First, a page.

All-Star voting is underway and fifty games into the season is a good enough sample size to identify some selections. These will likely change a little before July 16, so don’t kill me for omitting the first place Red Sox, Rangers and Cardinals. But hey, this is my ballot.
Along with your traditional home runs and batting average, my favorite baseball statistics are:
- On-base percentage (hits plus walks plus hit-by-pitches)
- Extra-bases (homers, doubles, triples, stolen bases)
- Runs produced (runs scored plus runs batted in minus home runs)
After all, getting on base, moving around the diamond and producing runs are like the hokey-pokey: that’s what it’s all about. Those aren’t the only stats I’m judging on, and defense is also considered.
First base: Chris Davis, Orioles. 17 home runs, 18 doubles, .344 batting average and 29 walks. He also plays solid defensively at first. Davis has become one of my favorite sluggers.
Second base: Robinson Cano, Yankees. The way Cano leads the Yankees with nothing resembling an All-Star around him on the active roster to the top of the division for nearly two months is amazing. One of the best players in baseball.
Third base: Manny Machado, Orioles. Okay, this spot should and will go to Miguel Cabrera, but this is my chance to put in a plug for one of the brightest rising stars in the game. The 20-year old phenom is hitting .335, leads the league with 23 doubles, and is tield with Cabrera for most hits in baseball. And it’s safe to see we all would rather watch this Web Gem collector flash the leather at third than Cabrera.
Shortstop: Johnny Peralta, Tigers. Cabrera’s teammate on the left side gets my vote at short. Batting .400 in May, Peralta, who has always been a solid hitter and fielder, is taking advantage of injuries to regular All-Stars Jeter and Reyes.
Catcher: Joe Mauer, Twins. What’s there to say about a catcher batting .330 who also collects lots of walks and smacks doubles?
Center field: Mike Trout, Angels. The wonder kid is among the league leaders in extra base hits, stolen bases and runs produced, and is a human highlight reel in center field.
Left field: Adam Jones, Orioles. It’s amazing how last year’s Baltimore superstar is now third on the team, even though he’s still hitting .318 with power, speed, and a recent Gold Glove on his shelf.
Right field: Jose Bautista, Blue Jays. After missing much of last year and starting slow, it’s nice to see Joey Bats back to doing his thing. Especially at the Rogers Center. After sitting out four games with an injury last month, Bautista’s on-base percentage at home since April 19 (20 games) is .538. Wow.
Designated hitter: Miguel Cabrera, Tigers. Miggy will be at third but he should probably be the DH instead. Let’s see… he leads the league by a mile in on-base percentage and runs produced, he’s second in home runs, he’s the reigning MVP and has a good chance to win the Triple Crown again.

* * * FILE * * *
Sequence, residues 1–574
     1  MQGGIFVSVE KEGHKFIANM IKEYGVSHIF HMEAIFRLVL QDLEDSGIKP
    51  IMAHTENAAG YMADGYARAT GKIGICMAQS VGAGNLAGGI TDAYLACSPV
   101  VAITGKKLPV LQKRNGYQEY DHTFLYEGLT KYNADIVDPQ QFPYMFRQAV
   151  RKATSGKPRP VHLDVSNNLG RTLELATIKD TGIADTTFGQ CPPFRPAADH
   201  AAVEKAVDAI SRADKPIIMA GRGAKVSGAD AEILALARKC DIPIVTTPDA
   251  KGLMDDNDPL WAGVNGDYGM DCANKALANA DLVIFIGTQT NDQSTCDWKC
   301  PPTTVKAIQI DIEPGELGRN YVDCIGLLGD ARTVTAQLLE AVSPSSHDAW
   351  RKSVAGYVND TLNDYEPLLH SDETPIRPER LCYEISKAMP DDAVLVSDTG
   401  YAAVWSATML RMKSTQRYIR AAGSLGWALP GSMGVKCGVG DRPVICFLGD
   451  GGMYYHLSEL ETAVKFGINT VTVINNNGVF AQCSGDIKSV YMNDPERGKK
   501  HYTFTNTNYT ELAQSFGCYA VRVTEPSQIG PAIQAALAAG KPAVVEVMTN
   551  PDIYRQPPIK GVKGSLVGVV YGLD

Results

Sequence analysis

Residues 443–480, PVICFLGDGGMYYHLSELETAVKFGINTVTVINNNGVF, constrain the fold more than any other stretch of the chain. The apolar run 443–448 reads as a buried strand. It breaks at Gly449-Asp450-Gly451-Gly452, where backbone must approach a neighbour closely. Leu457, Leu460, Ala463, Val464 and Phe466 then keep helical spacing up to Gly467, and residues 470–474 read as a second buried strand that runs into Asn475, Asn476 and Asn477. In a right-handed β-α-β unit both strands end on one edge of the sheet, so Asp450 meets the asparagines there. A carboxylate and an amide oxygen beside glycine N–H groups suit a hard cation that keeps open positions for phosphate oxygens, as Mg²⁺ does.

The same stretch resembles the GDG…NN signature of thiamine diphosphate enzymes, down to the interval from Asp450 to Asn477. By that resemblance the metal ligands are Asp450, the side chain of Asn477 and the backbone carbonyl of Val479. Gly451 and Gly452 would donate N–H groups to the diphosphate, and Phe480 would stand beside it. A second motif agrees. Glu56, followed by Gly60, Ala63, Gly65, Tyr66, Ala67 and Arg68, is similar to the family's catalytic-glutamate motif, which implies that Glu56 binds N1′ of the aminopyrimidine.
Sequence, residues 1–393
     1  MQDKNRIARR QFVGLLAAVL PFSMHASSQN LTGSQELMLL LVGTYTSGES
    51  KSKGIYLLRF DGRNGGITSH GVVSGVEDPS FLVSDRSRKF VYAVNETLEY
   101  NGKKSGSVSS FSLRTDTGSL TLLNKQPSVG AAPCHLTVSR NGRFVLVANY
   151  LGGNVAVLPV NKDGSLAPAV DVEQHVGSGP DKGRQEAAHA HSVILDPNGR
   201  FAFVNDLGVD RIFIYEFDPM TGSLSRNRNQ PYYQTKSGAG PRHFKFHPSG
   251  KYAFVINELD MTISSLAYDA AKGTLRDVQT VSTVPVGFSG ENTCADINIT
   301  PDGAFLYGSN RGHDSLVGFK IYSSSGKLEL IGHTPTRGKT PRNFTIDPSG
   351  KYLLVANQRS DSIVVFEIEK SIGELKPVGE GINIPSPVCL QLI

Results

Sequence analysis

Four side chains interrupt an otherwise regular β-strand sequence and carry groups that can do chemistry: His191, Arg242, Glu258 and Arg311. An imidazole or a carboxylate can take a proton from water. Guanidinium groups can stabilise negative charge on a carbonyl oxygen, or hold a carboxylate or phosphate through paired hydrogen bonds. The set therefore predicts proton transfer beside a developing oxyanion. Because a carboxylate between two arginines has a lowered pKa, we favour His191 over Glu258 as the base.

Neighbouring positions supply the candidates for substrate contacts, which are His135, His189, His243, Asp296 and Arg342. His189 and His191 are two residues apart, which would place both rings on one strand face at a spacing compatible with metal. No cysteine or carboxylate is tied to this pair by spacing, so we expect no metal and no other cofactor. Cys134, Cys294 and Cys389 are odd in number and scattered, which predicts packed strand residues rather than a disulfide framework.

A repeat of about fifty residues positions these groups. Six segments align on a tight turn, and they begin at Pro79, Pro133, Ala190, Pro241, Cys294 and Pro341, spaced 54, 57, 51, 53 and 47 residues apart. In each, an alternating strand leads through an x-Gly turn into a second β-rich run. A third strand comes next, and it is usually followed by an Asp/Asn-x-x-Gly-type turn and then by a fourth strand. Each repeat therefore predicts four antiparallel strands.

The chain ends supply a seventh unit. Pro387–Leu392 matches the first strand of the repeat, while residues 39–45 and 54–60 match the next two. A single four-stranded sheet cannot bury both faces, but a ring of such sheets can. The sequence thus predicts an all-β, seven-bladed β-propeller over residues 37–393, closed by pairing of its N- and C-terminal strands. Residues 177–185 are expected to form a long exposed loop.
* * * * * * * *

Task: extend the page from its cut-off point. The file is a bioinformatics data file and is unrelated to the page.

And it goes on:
Pitcher: Chris Sale, White Sox. While Clay Buchholz has pitched lights out against the Twins, White Sox and Astros, Sale has pitched very well against some of the best lineups in the AL (Angels twice, Indians and Rangers). He’s allowed 20 less hits than innings pitched. And other than one bad game in Cleveland, Sale has a 1.51 ERA and a quality start in each game. And he did it last year, too.
First base: Joey Votto, Reds. One of the best measures for a hitter is how often he is walked. Joey Votto has 44 bases-on-balls, ten more than everyone else except his teammate Shin-Soo Choo. If a .354 batting average isn’t impressive enough, a Bonds-esque .477 on-base percentage is.
Second base: Brandon Phillips, Reds. The slick-fielding vet doesn’t do much when the bases are empty (awful .260 OBP), but takes advantage of the plentiful times Votto and Choo get on base to the tune of an impressive .478 OBP with runners in scoring position and league-high 43 RBI and 68 runs produced.
Third base: David Wright, Mets. The Amazin’s captain is having another stellar season. Some interesting stats: 4 triples, 11 stolen bases, 27 walks.
Shortstop: Jean Segura, Brewers. Probably the toughest decision of the whole process is Segura or Troy Tulowitzki. Tulo’s home splits at Coors are staggering, but not much different than Segura’s impressive road splits. Segura has higher average, on-base percentage, 14-0 steals edge, and comparable power numbers.
Center field: Shin-Soo Choo, Reds. What do you want in a leadoff hitter? How about a .450 on-base percentage with power?
Left field: Carlos Gonzalez, Rockies. CarGo has been one of the most productive hitters in baseball doing it all: .311/.388 and among the leaders in homers, doubles, walks, stolen bases, and runs produced.
Right field: Justin Upton, Braves. It comes down to a couple Brewers and a struggling Bryce Harper, and Upton beats them out right now as the Braves are in first and Upton’s hot start is holding up.
Designated Hitter: Paul Goldschmidt, Diamondbacks. Goldy is the primary reason Arizona is in first place out west. He’s pretty much Top 2 or 3 in just about every offensive category.
Pitcher: Clayton Kershaw, Dodgers. Tip my hat to Matt Harvey, but I still think Kershaw is the best pitcher in baseball right now.